Thursday, June 18, 2009

Lucky Socks and Author Snoopy

When I was playing rugby league in the under 12's, I scored my first try. That was the day I wore my new socks. Obviously the socks were lucky. I wore them every time we played. The luck worked, not all the time but often enough to make me keep those socks until they were two sizes too small with holes that let my big toes poke through.

Socks - not those socks exactly - were lucky for me again when my first ever piece of writing was published in a very obscure and small print run anthology called 'Infinite Anythings and Lost Left Socks' There was no payment involved and I am sure very few people ever read the piece - that in itself is lucky because the writing was awful.

About the same time, McDonalds had a toy offer running with little Snoopy's engaged in different professions. When Author Snoopy came out, I brought one and he has sat beside my computer ever since. I don't know if he is lucky for me or not but when I start writing and he is there, I at least know not to start my stories with 'It was a dark and stormy night...' or other clich├ęd beginnings.

I have decided the luck comes more with hard work and constantly trying to improve my writing skills than from Snoopy.

Imagine the blisters I would have avoided if I realised this when I was still playing rugby league.

Saturday, June 6, 2009

The Bizarreness of Teen Minds

My middle son (18) asked me to take him into town today to buy a gift for a school friend - Something to cheer her up a little after her father died. I thought, 'What a nice sentiment.’

I dropped him in town on my way to the library for the meeting of my writers’ group. He was going to meet me there after he found a gift.

This is what he brought.

He was completely at a loss to my horror in his choice.

‘But Nightmare Before Christmas is her favourite show,’ he said. ‘What’s wrong with buying her this?’

What answer should I choose? There were so many. I finally decided on. ‘Her father just died and you are giving her a solar powered bobble headed skeleton to cheer her up! Nice.’

I know he means well, but the bizarreness of how the teenage mind works completely eludes me at times. This is not a good sign for someone trying to write YA fiction.

Tuesday, June 2, 2009

Kids and Young Adult Literature Festival

Decisions, decisions!

The 2009 Kids and Young Adult Literature Festival is on at the NSW Writers' Centre over two days in July. Saturday the 4th and Sunday the 5th. Unfortunately I can only make it to one day. I'm already in Sydney on Saturday night (taking my son to the wrestling) so it looks like it's going to be Saturday. That's not a problem but the Sunday sessions look a little more personal and, I'd love to hear Libby Gleeson's 'Create Your Picture Book' presentation.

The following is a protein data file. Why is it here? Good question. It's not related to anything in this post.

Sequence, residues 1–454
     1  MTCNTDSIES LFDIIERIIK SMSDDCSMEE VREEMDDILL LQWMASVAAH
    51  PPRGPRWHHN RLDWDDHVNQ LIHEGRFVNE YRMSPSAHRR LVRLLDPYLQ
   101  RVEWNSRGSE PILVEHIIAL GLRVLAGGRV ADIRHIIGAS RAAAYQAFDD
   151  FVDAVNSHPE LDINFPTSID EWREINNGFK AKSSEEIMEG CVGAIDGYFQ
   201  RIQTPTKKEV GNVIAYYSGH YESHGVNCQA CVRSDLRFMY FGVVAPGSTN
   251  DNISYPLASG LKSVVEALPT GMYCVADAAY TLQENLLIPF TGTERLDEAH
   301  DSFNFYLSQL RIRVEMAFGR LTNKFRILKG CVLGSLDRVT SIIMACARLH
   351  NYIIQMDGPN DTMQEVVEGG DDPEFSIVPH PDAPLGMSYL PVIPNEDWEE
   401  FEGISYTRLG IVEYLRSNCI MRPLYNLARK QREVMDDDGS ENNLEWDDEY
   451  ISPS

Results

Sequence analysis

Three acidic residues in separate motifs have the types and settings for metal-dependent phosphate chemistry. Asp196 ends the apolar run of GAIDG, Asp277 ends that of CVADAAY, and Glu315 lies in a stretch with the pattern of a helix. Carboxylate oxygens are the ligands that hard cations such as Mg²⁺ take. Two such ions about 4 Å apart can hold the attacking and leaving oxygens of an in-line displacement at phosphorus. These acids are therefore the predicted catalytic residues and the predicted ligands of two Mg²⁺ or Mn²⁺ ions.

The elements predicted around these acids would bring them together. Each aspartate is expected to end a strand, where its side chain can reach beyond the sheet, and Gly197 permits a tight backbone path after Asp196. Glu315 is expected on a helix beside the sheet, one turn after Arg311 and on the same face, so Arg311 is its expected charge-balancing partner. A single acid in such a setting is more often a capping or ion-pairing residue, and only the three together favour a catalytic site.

Perhaps, another time.

Now the only problem is picking which Saturday sessions to attend.

Session 1:

Publishers and their authors

How do you get published?

Two of Australia’s most successful authors, James Roy and Deborah Abela, and their award-winning publishers discuss the nitty-gritty of publishing.

Deborah Abela & Zoe Walton, James Roy & Leonie Tyle

Chair: Susan Hayes


Publishers reveal the inside story

Publishers from Penguin, New Frontier and Margaret Hamilton Books discuss what they are looking for and the real process towards publication.

Margaret Hamilton, Sophia Whitfield, Laura Harris

Chair: Laurine Croasdale

Session 2

Taking stories into scripts, film and web

Plays, scripts, blogs, novels, animation: open the doors to the power of writing in today’s forms.

Caleb Lewis, William Kostakis, W “Chewie” Chan, Melina Marchetta
Chair: Susanne Gervay


How writers can write for awards,
entertainment, education and sales

Three leading crime, romance and history authors reveal their markets, strategies and successes.
Laurine Croasdale, Gabrielle Lord, Chris Cheng Chair: Maire Sheehan

Session 3

X-factor rules for children's writing

Discover the X-factors that get books loved and published – from new idea to inspiring a publisher.

Cathie Tasker, Ursula Dubosarsky, Leonie Tyle, Deborah Abela
Chair: Val Noake


Fantasy: creating new worlds to explore our own

Australian fantasy authors expose how they create their stories and capture the imagination of the world.
Garth Nix, Kate Forsyth, Richard Harland, Jenny Hale Chair: Angie Schiavone

Session 4

Stars of picture books reveal their secrets

The inside story to writing and understanding picture books by some of the world’s best.

Tohby Riddle, Ursula Dubosarsky, Libby Gleeson
Chair: Margaret Hamilton


Stars of youth literature reveal their secrets

You’re invited to hear the inside story of how some of the world’s best authors create kids and YA literature.

Garth Nix, Gabrielle Lord, James Roy
Chair: Mylee Joseph

(session details obtained from NSW Writer' Centre web site)

So far I'm leaning toward

  • Publishers reveal the inside story
  • Taking stories into scripts, film and web
  • X-factor rules for children's writing
  • Stars of picture books reveal their secrets

Those choices may all change on the day. Either way, it should be a great day.